Friday, 29 January 2016

The Spitfire Grill

The Spitfire Grill is a gentle but powerful drama about a range of things including fear and guilt, forgiveness, transformation, sacrifice, beauty of creation, healing, preconceptions and love. It was released in 1996 in the USA, winning the viewer award at the Sundance Festival and was then promptly shelved by distributor Warner Brothers. I am grateful to Stephen Brown for having shown the film to me many years ago. I managed to get a Region 1 disc and have been enjoying it with groups ever since. I see that it is available via streaming service providers. This week I watched it with a group from church as we kicked off a new monthly movie watching and reflecting evening. It was well received and sparked some insightful reflection and discussion.

This is a film that is difficult to talk about without revealing the plot, so if you don't want to know, stop reading now.

The central character is Percy Talbot (Alison Elliot) who is a young woman just released from a Maine prison after a lengthy gaol term. She is not a native of Maine and claims to be from Ohio although her accent suggests she is actually from somewhere further south. This immediately adds to the suspicion of the townsfolk of Gilead amongst whom she arrives on a blustery and windswept winter's eve. The local Sheriff, Gary (Gailard Sartain) is tasked with finding the ex con somewhere to live and work and persuades Hannah (Ellyn Burstyn) owner of the Spitfire Grill to take her in and employ her as a waitress for board and lodging. Hannah is cantankerous and strong minded, a closed and initially grumpy woman who seems to live out the combined gnawing pain of her failing hip joint, being a widow and having 'lost' her son Eli (John M Jackson) to the Vietnam War'

The townsfolk divide into two camps - those who are open and willing to give Percy a chance and those who instinctively know that nothing good can come from an ex con. The leader of the 'suspicious' is Nahum Goddard (Will Patton) who is Hannah's nephew and the local Realtor (Estate Agent). His wife Shelby (Marcia Gay Harden) leads the 'open' folk and she soon spends her days cooking in the Grill to help Percy after Hannah is confined to bed after a fall.

The film explores people's growing dis/trust of Percy within a tight-knit New England community. For all of America's glittering cities, such communities are the mainstay of America and help to define a sense of a community's independence, insularity and the ever-present feeling that this is a frontier town working out what it means to live the American dream. When any outsider comes in and upsets the quiet and well-defined but unwritten social structure, the equilibrium is disturbed and things begin to rotate in different and sometimes competing orbits. Crashes are inevitable as people come to new understandings of things that had previously been a long held immovable truth. Transformation is seldom painless and for the community of Gilead Maine, that is also the case.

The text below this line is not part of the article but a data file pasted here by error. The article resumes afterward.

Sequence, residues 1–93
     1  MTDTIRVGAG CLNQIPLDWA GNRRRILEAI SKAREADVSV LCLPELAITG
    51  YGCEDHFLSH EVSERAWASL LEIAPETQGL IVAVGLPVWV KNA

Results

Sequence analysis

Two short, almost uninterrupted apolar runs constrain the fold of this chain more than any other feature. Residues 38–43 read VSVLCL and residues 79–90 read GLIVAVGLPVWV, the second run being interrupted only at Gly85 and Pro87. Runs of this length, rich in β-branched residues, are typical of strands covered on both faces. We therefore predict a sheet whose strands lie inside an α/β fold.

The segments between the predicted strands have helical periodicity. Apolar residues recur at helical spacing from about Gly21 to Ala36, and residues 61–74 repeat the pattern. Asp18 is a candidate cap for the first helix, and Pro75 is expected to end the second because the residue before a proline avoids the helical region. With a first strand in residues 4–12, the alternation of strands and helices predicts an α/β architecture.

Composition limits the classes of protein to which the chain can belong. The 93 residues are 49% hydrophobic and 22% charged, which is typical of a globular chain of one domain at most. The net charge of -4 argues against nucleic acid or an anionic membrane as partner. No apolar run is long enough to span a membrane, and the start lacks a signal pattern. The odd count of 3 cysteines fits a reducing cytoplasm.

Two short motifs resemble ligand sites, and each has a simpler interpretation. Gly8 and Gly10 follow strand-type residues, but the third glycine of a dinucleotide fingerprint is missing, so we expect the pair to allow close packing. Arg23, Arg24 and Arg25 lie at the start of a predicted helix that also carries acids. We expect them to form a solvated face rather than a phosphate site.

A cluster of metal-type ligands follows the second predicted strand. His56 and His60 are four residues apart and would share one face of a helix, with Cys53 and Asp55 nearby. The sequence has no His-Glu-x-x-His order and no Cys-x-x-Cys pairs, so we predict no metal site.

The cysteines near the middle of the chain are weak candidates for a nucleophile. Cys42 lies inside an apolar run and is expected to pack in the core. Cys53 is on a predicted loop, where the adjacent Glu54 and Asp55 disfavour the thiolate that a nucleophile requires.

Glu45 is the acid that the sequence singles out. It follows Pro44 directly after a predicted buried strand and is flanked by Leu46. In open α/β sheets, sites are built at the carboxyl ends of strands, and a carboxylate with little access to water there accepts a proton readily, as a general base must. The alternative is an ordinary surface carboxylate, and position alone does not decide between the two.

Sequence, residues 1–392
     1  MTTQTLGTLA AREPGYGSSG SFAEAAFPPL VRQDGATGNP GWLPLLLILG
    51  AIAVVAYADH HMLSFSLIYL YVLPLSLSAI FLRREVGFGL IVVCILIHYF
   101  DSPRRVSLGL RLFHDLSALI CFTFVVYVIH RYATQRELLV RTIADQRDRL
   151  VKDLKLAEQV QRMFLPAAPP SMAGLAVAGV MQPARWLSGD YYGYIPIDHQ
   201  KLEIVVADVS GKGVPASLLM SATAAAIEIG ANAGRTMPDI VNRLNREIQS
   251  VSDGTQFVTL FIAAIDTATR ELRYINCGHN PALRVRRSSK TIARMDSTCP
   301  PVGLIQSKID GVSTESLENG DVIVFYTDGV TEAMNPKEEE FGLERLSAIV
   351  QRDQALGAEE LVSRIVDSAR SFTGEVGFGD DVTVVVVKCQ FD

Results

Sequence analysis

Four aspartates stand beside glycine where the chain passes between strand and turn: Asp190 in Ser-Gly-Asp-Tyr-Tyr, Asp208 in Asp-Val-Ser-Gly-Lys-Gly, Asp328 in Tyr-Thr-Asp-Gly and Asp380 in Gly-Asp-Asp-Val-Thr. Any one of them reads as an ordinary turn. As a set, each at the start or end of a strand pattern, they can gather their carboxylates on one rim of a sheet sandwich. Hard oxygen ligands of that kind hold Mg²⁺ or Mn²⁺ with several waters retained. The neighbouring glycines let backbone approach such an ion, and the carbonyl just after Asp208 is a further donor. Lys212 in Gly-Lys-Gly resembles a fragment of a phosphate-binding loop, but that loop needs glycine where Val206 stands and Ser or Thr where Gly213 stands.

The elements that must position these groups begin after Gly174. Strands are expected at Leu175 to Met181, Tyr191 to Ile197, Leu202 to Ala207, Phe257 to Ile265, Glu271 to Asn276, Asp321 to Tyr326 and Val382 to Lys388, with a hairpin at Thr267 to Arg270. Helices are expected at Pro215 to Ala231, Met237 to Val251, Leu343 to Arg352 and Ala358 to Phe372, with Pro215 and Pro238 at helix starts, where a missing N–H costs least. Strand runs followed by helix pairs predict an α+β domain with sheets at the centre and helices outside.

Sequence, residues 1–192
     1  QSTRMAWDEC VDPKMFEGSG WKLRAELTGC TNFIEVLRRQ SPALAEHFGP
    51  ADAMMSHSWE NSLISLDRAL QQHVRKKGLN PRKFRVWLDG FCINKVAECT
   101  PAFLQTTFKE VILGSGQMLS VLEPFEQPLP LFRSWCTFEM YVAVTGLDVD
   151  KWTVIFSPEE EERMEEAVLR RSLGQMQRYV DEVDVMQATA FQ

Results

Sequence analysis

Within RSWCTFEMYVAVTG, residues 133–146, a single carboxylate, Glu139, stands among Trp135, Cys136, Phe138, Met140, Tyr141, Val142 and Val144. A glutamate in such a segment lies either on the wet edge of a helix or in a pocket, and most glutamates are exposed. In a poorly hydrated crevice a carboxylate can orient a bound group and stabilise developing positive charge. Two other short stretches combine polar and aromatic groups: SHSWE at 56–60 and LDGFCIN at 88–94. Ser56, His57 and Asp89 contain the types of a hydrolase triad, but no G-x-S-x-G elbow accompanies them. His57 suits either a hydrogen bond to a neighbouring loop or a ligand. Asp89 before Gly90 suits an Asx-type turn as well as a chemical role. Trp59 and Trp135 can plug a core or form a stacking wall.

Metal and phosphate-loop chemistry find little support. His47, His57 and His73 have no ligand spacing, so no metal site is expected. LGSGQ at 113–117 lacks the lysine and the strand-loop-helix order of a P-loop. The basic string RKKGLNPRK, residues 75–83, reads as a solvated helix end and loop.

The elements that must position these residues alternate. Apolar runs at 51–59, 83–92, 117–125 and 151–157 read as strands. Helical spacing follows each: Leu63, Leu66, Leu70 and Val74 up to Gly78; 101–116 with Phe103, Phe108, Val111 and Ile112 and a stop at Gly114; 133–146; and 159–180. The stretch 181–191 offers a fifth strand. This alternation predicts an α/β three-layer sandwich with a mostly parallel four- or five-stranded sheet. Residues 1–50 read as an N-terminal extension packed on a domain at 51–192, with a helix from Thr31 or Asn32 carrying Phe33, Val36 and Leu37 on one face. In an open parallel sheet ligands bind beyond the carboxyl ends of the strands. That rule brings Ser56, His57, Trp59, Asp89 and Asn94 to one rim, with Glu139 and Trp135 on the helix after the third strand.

This is a remarkable film in many ways - although like all films it does have its flaws. The three main lead characters are all women - when was the last time you saw that in a film? Both Burstyn and Harden are Oscar winners and the rest of the cast is strong with good characterisation that easily evokes an affective response in viewers. Who doesn't hate Nahum or love and feel sorry for Joe? The narrative arc of this film is one of the most complete I can remember seeing. I won't spoil it by telling you what happens to Percy, Gilead or how the film ends but will advise that a box of tissues might come in handy.

Why was this film pulled from distribution and never screened outside the USA? The story I heard was that when the distributor researched the production company behind it, they feared that the film was a Trojan Horse for a Christian message and so shelved it. How true that is I don't know. All I do know is that it's a pity. Yes, the main themes are central to the Christian message but then so are the themes of most superhero movies. The actors are all mainstream and if anything the Church comes off rather poorly in this film. Many of the characters have Biblical names - but then so do lots of Americans. The production company was Gregory Productions which is a non-profit organisation (charity) operating out of Mississippi. Their logo is a lion lying down with a lamb and the rumour I heard was that the seed funding came from the pension fund of the Catholic Diocese of Mississippi. So what? This is a good film that stands on its own two feet and for those who wish to probe and look a deeper as they reflect, it may well provide some glimpse into Christian thought. But then doesn't all of life do that?

I happened to be in the area of New England where this film was made when on a visit in 2012. It was in fact shot in the township of Peacham Vermont and here is my photo of Peacham General Store which became the Spitfire Grill.

The town was dead and everything was closed. It looked like the General Store hadn't been open since the film was made and there is no steeply wooded hillside leading up from the back porch. My visit was a good experience - once I had braved miles of unmade roads and travelled for hours without seeing another living thing! I am glad I have been to Peacham Vermont. If I am ever in the area I will visit again. This is a film well worth watching. I'll give it 8/10.

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